TALLAHASSEE — The 1st District Court of Appeal has remanded a case back to a circuit court in which a Florida couple has been engaged in a long-running feud with the Suwannee River Water District over damaged caused to their property.

Judge Timothy J. Osterhaus and the appeals panel stated that Circuit Court for Columbia County erred when it granted summary judgment in favor of the water district. According to the ruling, the panel determined the action taken by the district that led to the flooding of the Jeffery and Linda Hill’s property wasn't an act that qualifies the district for quasi-judicial immunity.

According to the ruling, the Hills and the water management district have spent the better part of the last decade in dispute. In 2006, the district received a permanent injunction against the family’s business, El Rancho No Tengo Inc., demanding that it apply for a permit to repair an eroded dam at the business farmland, court records state.

The district contended that Hill and his family proceeded to work on fixing the dam or pond without a permit. The district claimed the work was improperly done and was certain to fail.

The injunction required the Hills to “forthwith [to] drain the dam to the lowest level feasible and, within 60 days of the entry of this order, provide to [the District] engineering certification of the dam and its appurtenant works and an operation and maintenance plan.”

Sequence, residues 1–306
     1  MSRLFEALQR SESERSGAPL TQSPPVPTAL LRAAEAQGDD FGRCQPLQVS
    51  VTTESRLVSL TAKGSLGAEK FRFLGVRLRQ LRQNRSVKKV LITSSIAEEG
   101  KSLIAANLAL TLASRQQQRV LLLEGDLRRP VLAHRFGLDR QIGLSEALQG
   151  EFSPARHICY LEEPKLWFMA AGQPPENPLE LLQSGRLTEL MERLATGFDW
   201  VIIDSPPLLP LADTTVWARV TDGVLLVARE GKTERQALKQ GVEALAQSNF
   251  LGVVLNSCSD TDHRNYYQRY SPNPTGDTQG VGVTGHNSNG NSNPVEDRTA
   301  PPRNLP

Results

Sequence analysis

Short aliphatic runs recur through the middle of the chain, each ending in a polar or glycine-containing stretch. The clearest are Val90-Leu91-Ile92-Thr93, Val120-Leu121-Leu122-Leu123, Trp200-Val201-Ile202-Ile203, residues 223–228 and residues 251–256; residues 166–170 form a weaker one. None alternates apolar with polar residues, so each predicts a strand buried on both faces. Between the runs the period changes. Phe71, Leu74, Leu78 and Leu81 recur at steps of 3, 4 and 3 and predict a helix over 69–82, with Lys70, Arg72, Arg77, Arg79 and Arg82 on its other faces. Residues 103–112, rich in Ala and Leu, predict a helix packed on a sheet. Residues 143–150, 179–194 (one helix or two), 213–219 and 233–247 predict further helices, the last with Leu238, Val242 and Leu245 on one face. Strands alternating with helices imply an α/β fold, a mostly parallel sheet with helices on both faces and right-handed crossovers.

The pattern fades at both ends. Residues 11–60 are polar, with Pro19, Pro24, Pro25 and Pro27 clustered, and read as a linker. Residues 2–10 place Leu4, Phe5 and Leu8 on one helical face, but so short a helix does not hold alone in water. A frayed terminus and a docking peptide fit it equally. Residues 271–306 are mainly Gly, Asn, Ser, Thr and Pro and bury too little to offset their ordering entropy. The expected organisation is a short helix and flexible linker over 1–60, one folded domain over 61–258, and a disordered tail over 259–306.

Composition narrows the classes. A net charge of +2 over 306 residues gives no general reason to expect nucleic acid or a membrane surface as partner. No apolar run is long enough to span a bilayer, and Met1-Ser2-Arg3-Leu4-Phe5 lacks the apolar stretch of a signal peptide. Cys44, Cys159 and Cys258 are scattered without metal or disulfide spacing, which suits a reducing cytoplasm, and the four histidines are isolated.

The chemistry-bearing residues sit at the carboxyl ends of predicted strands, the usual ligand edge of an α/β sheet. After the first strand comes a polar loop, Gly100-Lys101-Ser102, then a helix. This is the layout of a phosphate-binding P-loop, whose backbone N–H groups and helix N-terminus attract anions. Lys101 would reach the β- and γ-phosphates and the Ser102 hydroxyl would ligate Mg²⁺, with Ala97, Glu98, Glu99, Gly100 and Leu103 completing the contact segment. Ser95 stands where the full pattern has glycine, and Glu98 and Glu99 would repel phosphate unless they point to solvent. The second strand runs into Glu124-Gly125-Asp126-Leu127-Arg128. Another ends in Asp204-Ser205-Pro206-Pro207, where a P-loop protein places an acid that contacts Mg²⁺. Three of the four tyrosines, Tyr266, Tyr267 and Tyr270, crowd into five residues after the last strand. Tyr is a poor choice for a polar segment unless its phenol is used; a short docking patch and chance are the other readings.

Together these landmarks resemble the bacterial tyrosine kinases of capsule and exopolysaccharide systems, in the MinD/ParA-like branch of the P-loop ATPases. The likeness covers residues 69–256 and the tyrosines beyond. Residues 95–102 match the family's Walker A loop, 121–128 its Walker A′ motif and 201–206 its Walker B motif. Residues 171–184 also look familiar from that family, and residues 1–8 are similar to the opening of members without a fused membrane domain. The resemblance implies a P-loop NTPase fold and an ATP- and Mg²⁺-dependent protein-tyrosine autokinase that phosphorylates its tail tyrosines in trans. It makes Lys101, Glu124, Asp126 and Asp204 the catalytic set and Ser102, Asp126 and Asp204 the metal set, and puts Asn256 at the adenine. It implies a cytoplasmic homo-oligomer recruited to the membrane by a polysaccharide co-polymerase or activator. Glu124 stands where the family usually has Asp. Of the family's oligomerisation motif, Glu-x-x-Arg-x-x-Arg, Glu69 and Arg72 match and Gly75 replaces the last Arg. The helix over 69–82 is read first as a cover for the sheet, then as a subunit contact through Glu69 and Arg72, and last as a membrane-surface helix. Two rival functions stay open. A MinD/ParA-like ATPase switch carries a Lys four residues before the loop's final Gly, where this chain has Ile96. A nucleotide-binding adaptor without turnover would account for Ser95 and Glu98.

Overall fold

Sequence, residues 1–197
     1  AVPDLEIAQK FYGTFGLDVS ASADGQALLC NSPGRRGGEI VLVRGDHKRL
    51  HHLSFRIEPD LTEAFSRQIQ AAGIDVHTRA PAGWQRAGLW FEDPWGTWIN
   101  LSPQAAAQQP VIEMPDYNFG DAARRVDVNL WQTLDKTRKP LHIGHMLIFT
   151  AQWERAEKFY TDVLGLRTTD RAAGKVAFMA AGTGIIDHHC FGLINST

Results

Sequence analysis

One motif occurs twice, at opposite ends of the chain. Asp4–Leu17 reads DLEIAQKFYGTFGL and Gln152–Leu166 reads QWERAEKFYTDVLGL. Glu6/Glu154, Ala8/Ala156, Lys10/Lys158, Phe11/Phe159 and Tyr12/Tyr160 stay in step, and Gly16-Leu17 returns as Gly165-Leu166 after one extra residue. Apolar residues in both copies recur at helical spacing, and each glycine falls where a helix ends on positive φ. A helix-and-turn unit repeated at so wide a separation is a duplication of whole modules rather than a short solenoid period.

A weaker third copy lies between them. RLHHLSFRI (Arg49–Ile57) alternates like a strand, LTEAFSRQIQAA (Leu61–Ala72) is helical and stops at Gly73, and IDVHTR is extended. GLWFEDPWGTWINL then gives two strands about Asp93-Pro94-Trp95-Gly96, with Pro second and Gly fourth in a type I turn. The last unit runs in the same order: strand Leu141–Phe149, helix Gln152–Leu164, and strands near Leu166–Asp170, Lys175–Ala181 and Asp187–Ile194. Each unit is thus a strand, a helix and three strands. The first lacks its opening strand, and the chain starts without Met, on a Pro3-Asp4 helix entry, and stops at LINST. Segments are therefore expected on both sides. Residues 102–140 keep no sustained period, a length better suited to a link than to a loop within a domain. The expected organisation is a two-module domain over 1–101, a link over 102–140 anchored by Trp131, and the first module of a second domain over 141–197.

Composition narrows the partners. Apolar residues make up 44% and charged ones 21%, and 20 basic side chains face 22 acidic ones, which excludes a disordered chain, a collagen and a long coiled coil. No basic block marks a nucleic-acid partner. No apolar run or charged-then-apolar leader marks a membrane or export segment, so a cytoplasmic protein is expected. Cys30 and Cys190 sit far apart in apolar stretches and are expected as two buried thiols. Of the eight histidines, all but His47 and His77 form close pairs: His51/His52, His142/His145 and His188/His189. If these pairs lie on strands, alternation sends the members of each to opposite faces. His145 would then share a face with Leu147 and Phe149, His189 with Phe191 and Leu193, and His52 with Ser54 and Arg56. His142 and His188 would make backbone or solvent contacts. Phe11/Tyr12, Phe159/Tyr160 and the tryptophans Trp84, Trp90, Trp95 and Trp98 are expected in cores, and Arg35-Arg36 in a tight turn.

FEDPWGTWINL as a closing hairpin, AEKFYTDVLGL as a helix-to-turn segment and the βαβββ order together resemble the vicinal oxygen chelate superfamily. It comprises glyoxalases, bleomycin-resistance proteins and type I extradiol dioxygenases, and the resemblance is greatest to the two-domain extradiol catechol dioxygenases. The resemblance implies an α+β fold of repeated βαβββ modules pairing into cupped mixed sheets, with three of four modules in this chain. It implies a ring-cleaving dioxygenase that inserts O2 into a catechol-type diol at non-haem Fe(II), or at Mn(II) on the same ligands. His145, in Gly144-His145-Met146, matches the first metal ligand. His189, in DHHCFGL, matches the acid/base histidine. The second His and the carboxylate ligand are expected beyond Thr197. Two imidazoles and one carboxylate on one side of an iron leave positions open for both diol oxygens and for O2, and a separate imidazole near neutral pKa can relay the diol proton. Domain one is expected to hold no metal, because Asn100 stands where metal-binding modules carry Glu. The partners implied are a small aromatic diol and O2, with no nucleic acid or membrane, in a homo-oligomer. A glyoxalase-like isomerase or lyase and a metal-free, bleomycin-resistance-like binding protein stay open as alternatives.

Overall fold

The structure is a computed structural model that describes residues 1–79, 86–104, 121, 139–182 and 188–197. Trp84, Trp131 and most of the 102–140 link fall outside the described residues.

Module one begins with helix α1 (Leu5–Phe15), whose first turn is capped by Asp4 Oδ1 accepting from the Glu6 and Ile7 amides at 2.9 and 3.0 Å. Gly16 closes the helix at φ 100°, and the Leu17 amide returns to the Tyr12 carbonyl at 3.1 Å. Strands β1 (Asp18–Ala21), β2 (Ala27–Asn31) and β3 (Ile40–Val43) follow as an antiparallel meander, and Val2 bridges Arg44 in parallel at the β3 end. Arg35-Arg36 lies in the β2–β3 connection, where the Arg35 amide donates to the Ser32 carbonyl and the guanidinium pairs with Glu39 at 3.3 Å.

During the next nine years, neither the Hills nor their company complied with the injunction to drain the pond or present a maintenance plan. The Hills sued, claiming the actions of the district damaged their property and in effect denied them use of the land. The Hills sued for over $1 million in damages.

After a series of contempt motions, the lower court ruled against the Hills and said that the actions of the district were under the authority of the court and thus protected by judicial immunity.

The appeals panel disagreed, writing that the district’s action was not judicial but administrative in nature.

"The District’s actions here, draining a pond and flooding fields, isn’t part and parcel of the judicial process, or functionally comparable to the work of judges—making decisions, resolving disputes, adjudicating rights, processing cases, and the like,” Osterhaus wrote in the appeals court opinion. “And so, we can not affirm the decision to the District on quasi-judicial immunity grounds.”

 The court remanded the case back to the circuit court for further proceedings.

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